Claire Denis – in Venice last year with the mesmerizing 35 Shots of Rum (out of competition) which received enough strong critical reviews that she is back in competition with her latest feature White Material. The film is a contemporary story set in Africa during a troubled political moment featuring Isabelle Huppert as a coffee plantation owner. Rounding out the French offer is Jaco van Dormael’s Mr. Nobody, a 20 and 21st century time zone jumping fantasy romance with Diane Kruger and Sarah Polley.

Egypt offers some local star power with Omar Sharif in the Amhed Maher film The Traveller (El Mosafer), Sri Lanka is in competition with Vimukhti Jayasundara’s Between Two Worlds (Ahasin Wetei). The director won the 2005 Camera d’Or at Cannes for The Forsaken Land. From Israel – Lebanon (Levanon) by Samuel Maoz chronicles 24 hours in the life of four soldiers involved in the controversial 1982 Israeli invasion.

Along with Moore, Fatih Akin is an awaited Venice first-timer with his film Soul Kitchen, the story of a beleaguered bar owner attempting to keep his business afloat. Also from Germany is Iranian-born but US-based Shirin Neshat’s debut feature Women Without Men (Zanan-e bedun-e mardan) developed at the Sundance Institute’s Screenwriter’s Lab.  Austria’s Jessica Hausner brings Lourdes about a young woman who suffers from multiple sclerosis who travels to the city and is miraculously cured.

Italy is out in force again this year with four films in competition. As previously announced - Baaria - Giuseppe Tornatore’s Sicilian epic, Italy’s most expensive production in recent years comes to the Lido via Medusa to open the festival in competition. Also from Medusa, Michele Placido’s 1968 themed film The Big Dream (Il Grande Sogno), a psychological thriller and Giuseppe Capotondi’s debut La Doppia Ora. It is produced by Indigo Film’s Francesca Cima and Nicola Giuliano with Medusa that stars Ksenya Rappoport and Filippo Timi.

Meanwhile, Rai Cinema brings Francesca Comencini’s maternity themed The Empty Space (Lo Spazio Bianco) starring Margherita Buy and set in the cinematographic city of Naples. The Orizzonti section dedicated to cutting edge cinema also hosts I Am Love (Io Sono Amore) an anticipated title from Luca Guadagnino, which stars Tilda Swinton as a Russian in an Italian-speaking role.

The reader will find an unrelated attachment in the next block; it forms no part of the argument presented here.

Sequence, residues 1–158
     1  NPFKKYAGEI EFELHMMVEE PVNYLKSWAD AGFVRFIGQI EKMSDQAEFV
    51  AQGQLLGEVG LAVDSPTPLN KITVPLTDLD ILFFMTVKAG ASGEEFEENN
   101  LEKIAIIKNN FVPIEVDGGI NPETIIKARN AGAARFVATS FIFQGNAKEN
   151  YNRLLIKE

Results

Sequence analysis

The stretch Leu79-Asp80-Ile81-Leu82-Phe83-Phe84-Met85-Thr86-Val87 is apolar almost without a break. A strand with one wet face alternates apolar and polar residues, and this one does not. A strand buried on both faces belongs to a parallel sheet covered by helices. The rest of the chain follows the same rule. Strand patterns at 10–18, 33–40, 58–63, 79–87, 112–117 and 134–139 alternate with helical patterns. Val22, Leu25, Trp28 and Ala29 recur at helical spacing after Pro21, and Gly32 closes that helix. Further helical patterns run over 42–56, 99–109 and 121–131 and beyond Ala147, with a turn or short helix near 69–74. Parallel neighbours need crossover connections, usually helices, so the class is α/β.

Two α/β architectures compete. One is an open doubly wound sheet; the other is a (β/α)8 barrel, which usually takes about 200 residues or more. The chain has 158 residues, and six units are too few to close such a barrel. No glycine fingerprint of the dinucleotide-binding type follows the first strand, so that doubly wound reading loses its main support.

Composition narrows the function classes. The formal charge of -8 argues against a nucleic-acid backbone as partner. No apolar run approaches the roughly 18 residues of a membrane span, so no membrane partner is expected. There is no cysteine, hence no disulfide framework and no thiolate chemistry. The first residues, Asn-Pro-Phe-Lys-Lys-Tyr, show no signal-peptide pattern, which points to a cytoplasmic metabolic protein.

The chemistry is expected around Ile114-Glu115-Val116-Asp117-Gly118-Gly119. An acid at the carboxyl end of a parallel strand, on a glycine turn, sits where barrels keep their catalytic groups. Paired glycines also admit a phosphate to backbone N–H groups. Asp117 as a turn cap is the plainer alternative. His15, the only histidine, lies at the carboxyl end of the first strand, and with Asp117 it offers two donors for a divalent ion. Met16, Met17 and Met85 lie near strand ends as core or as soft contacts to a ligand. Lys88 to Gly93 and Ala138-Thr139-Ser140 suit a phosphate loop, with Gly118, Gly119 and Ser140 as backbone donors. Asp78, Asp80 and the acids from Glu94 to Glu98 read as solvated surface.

From Asia - Tetsuo The Bullet Man from Shinya Tsukamoto is the third episode in the Tetsuo franchise that also marks director Shinya Tsukamoto’s English-language debut.

Prince Of Tears (Lei Wangzi) by acclaimed filmmaker Yonfan is a China-Taiwan-Hong Kong co-production set in 1950s during the period known as “White Terror” when an anti-Communist campaign swept the island. Accident (Yi Ngoi), a police thriller by Cheang Pou-Soi from China/Hong Kong is produced by Johnnie To and rounds out the Asians in competition. As previously announced Chengdu, I Love You, co-directed by Fruit Chan and Cui Jian, will close the festival.

The Orizzonti line up has been “fortified”, according to Mueller, with films from the Alps to the Andes including Bobby Paunescu’s Francesca, from Romania, which opens the section. It is seasoned with cutting edge films from around the globe – Tunisia brings Raja Amari’s Buried Secrets (Dohawa) featuring Venice discovery Hafsia Herzi; the US’s Alex Cox brings Repo Chick, Vietnam’s Bui Thac Chuyen with the film Adrift (Choi Voi); Swiss film Pepperminta, a comedy and debut from visual artist Pipilotti Rist and Hector Galvez’s Paraiso from Peru.

Over all the selection – 16 first works – of which five are in the main competition will be eligible for the $100,000 Luigi De Laurentiis Lion of the Future award for first works.

Mueller and Biennale president Paolo Baratta gave ample space to protesters campaigning against potential cuts to Italy’s single arts fund. Mueller went out to speak to the group, which includes some of Italy’s top talent such as Pier Francesco Favino, Claudio Santamaria and Sabrina Ferilli, for 45 minutes.

Baratta also confirmed the Biennale has lost $3.1m (€2.2m) in cuts but has made up the funds from other sources.

Summing up, Mueller was simple: this year in Venice - “whoever wants to find out what is happening in cinema can come and find answers.”